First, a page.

## 1     2     1    NA
## 2     3     2    NA
## 3     4     3     3
## 4     2     4     2
## 5    NA     5     1
#recode one reverse scoring item
data %>%
  mutate(cost3 = case_when(
    cost3 == 5 ~ 1, 
    cost3 == 4 ~ 2,
    cost3 == 3 ~ 3,
    cost3 == 2 ~ 4,
    cost3 == 1 ~ 5
    ))
##   cost1 cost2 cost3
## 1     2     1    NA
## 2     3     2    NA
## 3     4     3     3
## 4     2     4     4
## 5    NA     5     5

How about multiple items? Again, across is your friend:

#recorde multiple reverse scoring items at the same time
data %>%
  mutate(across(cost1:cost3, ~ case_when(
    . == 5 ~ 1, 
    . == 4 ~ 2,
    . == 3 ~ 3,
    . == 2 ~ 4,
    . == 1 ~ 5
    )))
##   cost1 cost2 cost3
## 1     4     5    NA
## 2     3     4    NA
## 3     2     3     3
## 4     4     2     4
## 5    NA     1     5

I guess you’ve found that although these are decent solutions, one major drawback is that they simply replace the old values with the new ones. Sometimes, what you want is to create new variables for recorded items to avoid confusion. Fortunately, case_when is also capable of handling that.

#recorde multiple reverse scoring items at the same time and create new variables for recoded items
data %>%
  mutate(across(cost1:cost3, ~ case_when(
    . == 5 ~ 1, 
    . == 4 ~ 2,
    . == 3 ~ 3,
    . == 2 ~ 4,
    . == 1 ~ 5
    ),
    .names = "{.col}_r")
    )
##   cost1 cost2 cost3 cost1_r cost2_r cost3_r
## 1     2     1    NA       4       5      NA
## 2     3     2    NA       3       4      NA
## 3     4     3     3       2       3       3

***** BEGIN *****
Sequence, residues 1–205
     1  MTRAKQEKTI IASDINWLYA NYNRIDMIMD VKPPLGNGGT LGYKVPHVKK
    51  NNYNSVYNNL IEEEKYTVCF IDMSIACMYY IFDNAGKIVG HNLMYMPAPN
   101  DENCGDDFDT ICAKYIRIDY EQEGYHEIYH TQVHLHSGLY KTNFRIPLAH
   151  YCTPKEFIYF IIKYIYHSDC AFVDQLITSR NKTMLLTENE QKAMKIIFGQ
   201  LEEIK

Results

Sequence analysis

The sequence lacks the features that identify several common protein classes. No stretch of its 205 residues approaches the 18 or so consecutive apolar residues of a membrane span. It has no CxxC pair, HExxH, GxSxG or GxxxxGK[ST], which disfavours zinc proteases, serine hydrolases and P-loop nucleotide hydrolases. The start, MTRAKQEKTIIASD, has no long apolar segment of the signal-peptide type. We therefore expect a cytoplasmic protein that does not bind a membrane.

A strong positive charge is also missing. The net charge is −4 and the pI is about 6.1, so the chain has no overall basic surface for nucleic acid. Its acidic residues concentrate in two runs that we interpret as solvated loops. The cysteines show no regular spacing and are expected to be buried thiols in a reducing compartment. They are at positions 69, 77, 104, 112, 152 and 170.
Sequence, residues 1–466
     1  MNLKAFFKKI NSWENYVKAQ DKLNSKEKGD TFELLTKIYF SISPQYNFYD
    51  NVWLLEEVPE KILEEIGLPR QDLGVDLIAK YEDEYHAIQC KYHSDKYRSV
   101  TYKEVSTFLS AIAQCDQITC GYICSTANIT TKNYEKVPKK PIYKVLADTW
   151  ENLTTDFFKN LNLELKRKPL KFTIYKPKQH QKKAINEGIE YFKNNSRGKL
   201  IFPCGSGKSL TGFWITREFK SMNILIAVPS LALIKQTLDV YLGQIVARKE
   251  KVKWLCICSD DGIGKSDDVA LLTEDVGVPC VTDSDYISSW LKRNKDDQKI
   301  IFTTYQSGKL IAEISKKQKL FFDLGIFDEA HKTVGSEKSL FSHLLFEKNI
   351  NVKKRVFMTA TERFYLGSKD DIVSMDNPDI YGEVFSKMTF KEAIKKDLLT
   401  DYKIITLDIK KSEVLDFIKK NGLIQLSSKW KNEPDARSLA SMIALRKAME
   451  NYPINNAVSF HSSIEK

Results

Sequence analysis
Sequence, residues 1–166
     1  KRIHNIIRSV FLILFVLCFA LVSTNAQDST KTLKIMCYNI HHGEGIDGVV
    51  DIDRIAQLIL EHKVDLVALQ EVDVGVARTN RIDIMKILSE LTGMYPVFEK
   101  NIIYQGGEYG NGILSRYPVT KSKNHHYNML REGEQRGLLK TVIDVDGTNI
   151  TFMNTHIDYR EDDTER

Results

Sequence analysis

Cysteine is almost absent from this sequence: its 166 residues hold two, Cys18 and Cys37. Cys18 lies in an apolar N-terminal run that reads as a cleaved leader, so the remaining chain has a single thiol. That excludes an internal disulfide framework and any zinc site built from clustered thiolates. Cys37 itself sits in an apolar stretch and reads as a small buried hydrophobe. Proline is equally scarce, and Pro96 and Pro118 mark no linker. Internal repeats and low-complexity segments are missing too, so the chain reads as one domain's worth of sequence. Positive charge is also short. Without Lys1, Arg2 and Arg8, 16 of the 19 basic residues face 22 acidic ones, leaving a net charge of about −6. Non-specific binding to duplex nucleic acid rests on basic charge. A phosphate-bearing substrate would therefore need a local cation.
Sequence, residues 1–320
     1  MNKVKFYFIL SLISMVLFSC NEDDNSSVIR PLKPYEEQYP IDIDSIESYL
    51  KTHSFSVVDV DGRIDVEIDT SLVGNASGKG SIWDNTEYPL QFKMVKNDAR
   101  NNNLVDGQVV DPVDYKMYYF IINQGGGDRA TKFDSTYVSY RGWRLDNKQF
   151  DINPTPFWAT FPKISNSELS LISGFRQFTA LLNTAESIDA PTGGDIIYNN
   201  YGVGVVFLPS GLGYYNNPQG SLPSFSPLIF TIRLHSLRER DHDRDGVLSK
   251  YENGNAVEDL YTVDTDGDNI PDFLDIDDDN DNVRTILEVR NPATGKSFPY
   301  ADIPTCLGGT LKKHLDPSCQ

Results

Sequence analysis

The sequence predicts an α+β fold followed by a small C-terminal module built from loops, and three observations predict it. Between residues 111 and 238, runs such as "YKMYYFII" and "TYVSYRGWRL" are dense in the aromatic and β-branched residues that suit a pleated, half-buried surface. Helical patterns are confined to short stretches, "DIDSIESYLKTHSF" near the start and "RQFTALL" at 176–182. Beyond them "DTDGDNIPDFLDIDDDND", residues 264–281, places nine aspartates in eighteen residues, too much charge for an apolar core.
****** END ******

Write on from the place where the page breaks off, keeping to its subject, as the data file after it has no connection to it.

## 4     2     4     2       4       2       4
## 5    NA     5     1      NA       1       5

By adding .names argument, you will be able to specify the output names. In this case, I append _r to the old variables.

Task 3: Recode Values based on Multiple Conditions

Last, let’s work on a more complex task that requires you to recode values based on multiple conditions. For instance, if we want to create a new dichotomous variable, costHigh (0 and 1), that is based on specific values of cost1, cost2, and cost3. What should we do?

#let's create a new dataset
data2<-data.frame(
             cost1 = c(2, 3, 4, 2, 3),
             cost2 = c(1, 2, 3, 4, 5),
             cost3 = c(2, 4, 3, 2, 4)
             )
data2
##   cost1 cost2 cost3
## 1     2     1     2
## 2     3     2     4
## 3     4     3     3
## 4     2     4     2
## 5     3     5     4
#create a new variable called costHigh that is based on the values of cost 1, cost2, and cost 3. 
#If all the values of cost1-cost3 are equal to or lower than 2, then costHigh will be 0.
#If at least one of the values of cost1-cost3 is higher than 2, then costHigh will be 1.

data2 %>%
  mutate(costHigh = case_when(
  cost1 <= 2 & cost2 <= 2 & cost3 <= 2 ~ 0,
  TRUE ~ 1))
##   cost1 cost2 cost3 costHigh
## 1     2     1     2        0
## 2     3     2     4        1
## 3     4     3     3        1
## 4     2     4     2        1
## 5     3     5     4        1
Shonn Sheng-Lun Cheng
Shonn Sheng-Lun Cheng
Assistant Professor

Assistant Professor at Sam Houston State University